The rational design of next-generation catalysts that will contribute to solving the impending energy and environmental challenges requires accurate description of mesoscale phenomena in catalysis. Current state-of-the-art modelling techniques mostly focus either on the nanoscale description of individual elementary reaction steps or on the macroscale to describe behavior of reactors, usually employing lumped reaction kinetics. In this project, new modelling tools are developed to study emergent phenomena at the mesoscale that lead to evolution of the catalyst structure as a result of changes in the surface adsorbed layer. In detail, we investigate the complex processes occurring in the Fischer-Tropsch reaction, an industrially important reaction for the synthesis of transport fuels and chemicals. In this reaction, many important details remain unclear: the influence of lateral interactions, surface reconstruction under catalytic conditions, migration of adsorbates between different surface facets of nanoparticles and deactivation due to strongly adsorbing reaction intermediates are far from understood. Describing these mesoscale phenomena with sufficient accuracy leads to opportunities to guide the design of novel improved catalysts.
Project leader: Dr. Ivo Filot
Melt infiltration and deposition precipitation of metals or metal precursors will be investigated at the fundamental level for the assembly of solid catalysts for a wide range of conversions. The fundamental study will heavily rely on electron microscopy using novel developments of liquid-phase TEM (UU) and cryo-TEM (TU/e).
Project leader: Prof. Krijn de Jong
The Soft Condensed Matter group at UU was among the first to investigate both in experiments and simulations the self-assembly (SA) of nanoparticles (NPs) inside the confinement of slowly drying liquid emulsion droplets. The resulting colloidal crystalline ‘supraparticles’ (SPs) have sizes still in the colloidal domain, so that another SA step is possible. It was found that the spherical confinement influences the SA process in intriguing and important ways compared to bulk SA. Here we want to use the experience obtained and optimize binary SPs for C1 catalysis (Fischer-Tropsch FT) using monodisperse Fe-Co-oxide NPs as the main component for the SP synthesis. We will mainly focus on visco-elastic high shear processing to obtain relatively monodisperse droplets. Initially, the NP synthesis, using existing procedures, will need to be optimized for FT catalysis (particles size, composition, stabilizer removal). Secondly, we will focus on binary SPs with structural analogs with a NaCl lattice, but also will explore different binary options. The second component (silica or polymer) can be used to induce extra stability to the catalytic NPs (e.g. against sintering) and/or to optimize the flows of heat and chemicals for FT catalysis.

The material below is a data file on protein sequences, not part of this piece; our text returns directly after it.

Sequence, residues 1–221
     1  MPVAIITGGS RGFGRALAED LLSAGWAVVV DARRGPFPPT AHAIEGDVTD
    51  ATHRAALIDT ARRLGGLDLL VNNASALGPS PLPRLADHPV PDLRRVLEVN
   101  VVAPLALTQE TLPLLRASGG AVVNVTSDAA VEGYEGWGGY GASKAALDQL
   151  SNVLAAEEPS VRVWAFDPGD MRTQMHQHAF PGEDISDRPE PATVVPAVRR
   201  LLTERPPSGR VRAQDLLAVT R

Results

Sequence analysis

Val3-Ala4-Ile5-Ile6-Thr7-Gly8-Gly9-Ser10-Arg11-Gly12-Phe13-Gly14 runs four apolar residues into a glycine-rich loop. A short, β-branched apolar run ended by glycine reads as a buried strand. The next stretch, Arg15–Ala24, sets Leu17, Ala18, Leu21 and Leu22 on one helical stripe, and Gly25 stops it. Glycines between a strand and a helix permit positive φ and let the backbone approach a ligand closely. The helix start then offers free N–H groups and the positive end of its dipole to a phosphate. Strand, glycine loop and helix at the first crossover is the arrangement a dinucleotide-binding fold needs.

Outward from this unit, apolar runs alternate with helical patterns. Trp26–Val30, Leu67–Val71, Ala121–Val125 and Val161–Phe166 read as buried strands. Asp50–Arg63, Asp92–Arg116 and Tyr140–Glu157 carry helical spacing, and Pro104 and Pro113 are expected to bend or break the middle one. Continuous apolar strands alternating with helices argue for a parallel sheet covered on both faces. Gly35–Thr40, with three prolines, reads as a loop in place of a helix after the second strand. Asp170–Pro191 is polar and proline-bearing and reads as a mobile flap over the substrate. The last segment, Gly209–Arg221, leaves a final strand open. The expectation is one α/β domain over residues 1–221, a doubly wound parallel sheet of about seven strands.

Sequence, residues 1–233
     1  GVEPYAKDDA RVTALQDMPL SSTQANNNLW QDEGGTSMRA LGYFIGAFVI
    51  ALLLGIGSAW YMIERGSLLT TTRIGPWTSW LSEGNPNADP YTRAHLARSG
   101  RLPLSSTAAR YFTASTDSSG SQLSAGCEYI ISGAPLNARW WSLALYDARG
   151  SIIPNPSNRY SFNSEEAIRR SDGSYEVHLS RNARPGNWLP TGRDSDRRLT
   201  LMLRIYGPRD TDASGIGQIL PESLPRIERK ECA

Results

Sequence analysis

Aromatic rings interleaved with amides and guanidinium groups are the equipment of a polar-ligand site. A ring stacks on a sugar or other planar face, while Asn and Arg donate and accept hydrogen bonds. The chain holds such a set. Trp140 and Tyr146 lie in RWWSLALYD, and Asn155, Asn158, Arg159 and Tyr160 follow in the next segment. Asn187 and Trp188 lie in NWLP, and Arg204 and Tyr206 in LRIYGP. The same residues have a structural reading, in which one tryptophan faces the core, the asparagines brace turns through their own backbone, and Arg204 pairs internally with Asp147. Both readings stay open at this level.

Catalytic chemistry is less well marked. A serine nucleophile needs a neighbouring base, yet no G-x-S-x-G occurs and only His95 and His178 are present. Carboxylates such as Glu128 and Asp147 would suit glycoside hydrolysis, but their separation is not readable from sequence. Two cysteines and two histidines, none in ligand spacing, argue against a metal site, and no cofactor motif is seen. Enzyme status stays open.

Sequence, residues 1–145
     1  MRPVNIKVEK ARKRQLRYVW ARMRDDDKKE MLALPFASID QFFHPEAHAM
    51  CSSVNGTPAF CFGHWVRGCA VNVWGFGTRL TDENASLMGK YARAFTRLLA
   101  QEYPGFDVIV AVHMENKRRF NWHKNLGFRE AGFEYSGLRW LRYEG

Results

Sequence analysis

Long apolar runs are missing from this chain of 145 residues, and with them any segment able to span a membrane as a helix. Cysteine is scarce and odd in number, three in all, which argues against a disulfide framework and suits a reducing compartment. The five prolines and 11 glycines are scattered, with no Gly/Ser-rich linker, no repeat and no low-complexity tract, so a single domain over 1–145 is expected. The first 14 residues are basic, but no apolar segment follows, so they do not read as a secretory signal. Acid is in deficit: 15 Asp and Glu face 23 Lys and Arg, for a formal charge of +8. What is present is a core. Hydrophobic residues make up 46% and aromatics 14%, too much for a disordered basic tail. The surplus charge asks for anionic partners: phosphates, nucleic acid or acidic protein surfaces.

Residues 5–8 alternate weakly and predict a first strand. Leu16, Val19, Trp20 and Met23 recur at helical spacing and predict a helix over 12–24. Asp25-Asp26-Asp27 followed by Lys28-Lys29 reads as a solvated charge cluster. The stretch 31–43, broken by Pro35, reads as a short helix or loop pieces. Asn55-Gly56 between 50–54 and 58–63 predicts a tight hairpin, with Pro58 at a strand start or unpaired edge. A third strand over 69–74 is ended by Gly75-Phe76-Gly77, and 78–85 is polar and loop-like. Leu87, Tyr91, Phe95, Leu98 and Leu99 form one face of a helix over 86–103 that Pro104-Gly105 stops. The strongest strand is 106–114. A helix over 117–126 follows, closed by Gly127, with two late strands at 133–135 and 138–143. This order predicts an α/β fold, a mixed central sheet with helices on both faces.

Project leader: Prof. Alfons van Blaaderen
In many catalytic reactors, a liquid flow is used to enhance the mass transfer to and from catalytic sites dotted on solid surfaces. Direct Numerical Simulations can be used to investigate this mass transfer, but the boundaries between the solid and liquid are necessarily treated as smooth on sub-grid length scales. In reality, solid surfaces are usually corrugated on length scales of micrometers. In this project we will perform a fundamental investigation of the coupled convection-diffusion-reaction mechanisms in the boundary layer near corrugated walls. This will lead to correlations for sub-grid-scale corrections to the mass transfer rates.